The Kashmiri Shawl

Kashmir is famous for the beautiful shawls it produces. This chapter talks about the shawl industry in Kashmir in detail, from the gathering of the wool to the final weaving of the shawl. It gives us a fascinating account of how Kashmiri shawls are produced, and helps us understand why they are so famous all over the world.

Types of Shawls and the Wool Used

Kashmir is called ‘Paradise on the Earth’. It is famous for both its scenic beauty and its handicrafts. Among these handicrafts is the Kashmiri shawl, a fine and light wrapping that keeps you warm in winter and makes you look elegant.

Kashmir has been producing shawls for centuries. Francis Bernier, the first European who visited Kashmir in 1664, wrote about their softness and delicacy.

These shawls are woven on handlooms. They are about 2 metres long and 1.25 metres wide. There are two types of shawls- one made with local fine wool, and the other from the soft under-fleece hairs of the wild goat, which is more expensive. In winter, the wild goats found in Tibet and Central Asia grow a layer of soft hair under their normal coarse hair that they shed off in spring. These goats are reared in farms where the wool is collected and then sold in Kashmir valley. In Kashmir and other areas, local goats also produce wool but this produces lower quality shawls.

Local shopkeepers sell the wool taken from the goats to women who sort the fleece before spinning it on a spinning wheel. The finer and softer the threads are, the better money you can get.

The Process of Weaving

Kashmiri weavers use horizontal looms. The women prepare the warps by ‘doubling’ the thread. The designer (called naqqash) decides the pattern. The colour caller or tarah-goru reads the design from the bottom upwards and calls out each colour in turn together with the number of warp threads under which the bobbin of the weft has to pass. A pattern master called the talim goru writes these instructions down using the traditional signs or ‘shawl alphabet’. The weavers keep this transcription called the talim in front of them as they work at the loom.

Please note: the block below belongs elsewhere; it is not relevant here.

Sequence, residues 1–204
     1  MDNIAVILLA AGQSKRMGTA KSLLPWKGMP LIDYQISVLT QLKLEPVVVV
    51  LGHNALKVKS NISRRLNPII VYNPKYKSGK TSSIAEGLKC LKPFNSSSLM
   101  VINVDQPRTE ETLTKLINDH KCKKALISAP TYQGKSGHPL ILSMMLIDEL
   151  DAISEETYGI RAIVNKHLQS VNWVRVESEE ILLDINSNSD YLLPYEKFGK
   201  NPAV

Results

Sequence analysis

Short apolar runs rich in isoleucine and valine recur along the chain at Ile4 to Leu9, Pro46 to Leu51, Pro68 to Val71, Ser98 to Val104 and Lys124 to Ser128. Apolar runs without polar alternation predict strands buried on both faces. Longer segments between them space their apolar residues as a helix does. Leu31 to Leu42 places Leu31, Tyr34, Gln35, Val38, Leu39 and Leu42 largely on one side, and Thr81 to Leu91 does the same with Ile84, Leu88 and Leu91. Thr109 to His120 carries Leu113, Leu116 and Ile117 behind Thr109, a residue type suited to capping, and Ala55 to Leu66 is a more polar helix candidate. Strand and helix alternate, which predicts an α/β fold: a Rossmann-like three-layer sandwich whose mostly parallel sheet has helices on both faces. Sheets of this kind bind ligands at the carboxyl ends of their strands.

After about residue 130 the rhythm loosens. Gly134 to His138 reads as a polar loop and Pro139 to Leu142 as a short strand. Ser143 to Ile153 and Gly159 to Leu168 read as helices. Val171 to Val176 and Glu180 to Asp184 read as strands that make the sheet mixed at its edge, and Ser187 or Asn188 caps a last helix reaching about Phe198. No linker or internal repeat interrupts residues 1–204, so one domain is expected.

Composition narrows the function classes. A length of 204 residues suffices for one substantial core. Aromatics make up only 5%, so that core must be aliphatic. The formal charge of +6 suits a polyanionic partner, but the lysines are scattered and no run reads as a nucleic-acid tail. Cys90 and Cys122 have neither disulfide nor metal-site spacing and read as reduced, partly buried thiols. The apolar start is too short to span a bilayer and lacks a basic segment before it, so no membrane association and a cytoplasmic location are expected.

The designs drawn on the shawls are of various kinds. Both men and women work on the patterns in their homes. The most popular design is the decorative border at both ends of the shawl. The design is worked evenly on both sides.

The pashmina shawls are of two kinds- the loom shawl, woven entirely on the loom, and the shawl with an embroidered pattern. The famous ‘ring shawl’ is a fine fabric that can pass through a ring. 

The Shahtoosh shawl, made from the fleece of the Tibetan antelope, Chiru, is a rare fabric. Another rare shawl is the Jamavar shawl in which the warp and weft threads are dyed before weaving. The price of a pashmina shawl varies from thousands to lakhs.

The History and Significance of Kashmiri Shawls

Sultan Zain-ul-Abideen started the shawl industry in Kashmir. The Sultan summoned a highly skilled weaver from Turkestan to build a loom for weaving shawls. The Mughals reorganised the industry. Akbar and his successors wore shawls of Kashmir.

After Napolean presented a rare Kashmiri shawl to Empress Josephine, shawls became a craze in France. Both Britain and France wanted to manufacture and copy ‘Cashmere’ shawls, but they followed a technique closer to the European tradition. The European shawls were trimmed which weakened them and lessened their beauty. European women preferred Kashmiri shawls whose decorated sections were much stronger. European shawls were also woven in several pieces which had then to be sewn together, a very different technique from Kashmiri shawls.

Kashmiri shawls are used as wedding gifts. They are also worn by elite men over the shoulders. The Kashmiri shawl industry feeds a lot of people, men and women, especially in villages in Kashmir. Even young girls and boys help their parents in embroidery work. Although people have to sit a long time to weave, they do it to earn their livelihood.

Conclusion

Kashmiri shawls have a rich history. A great deal of effort goes into creating these shawls, making them as beautiful as they are. The unique technique used to weave Kashmiri shawls as well as their beauty have made them so famous all over the world. The Kashmiri shawl industry is indeed very unique and fascinating.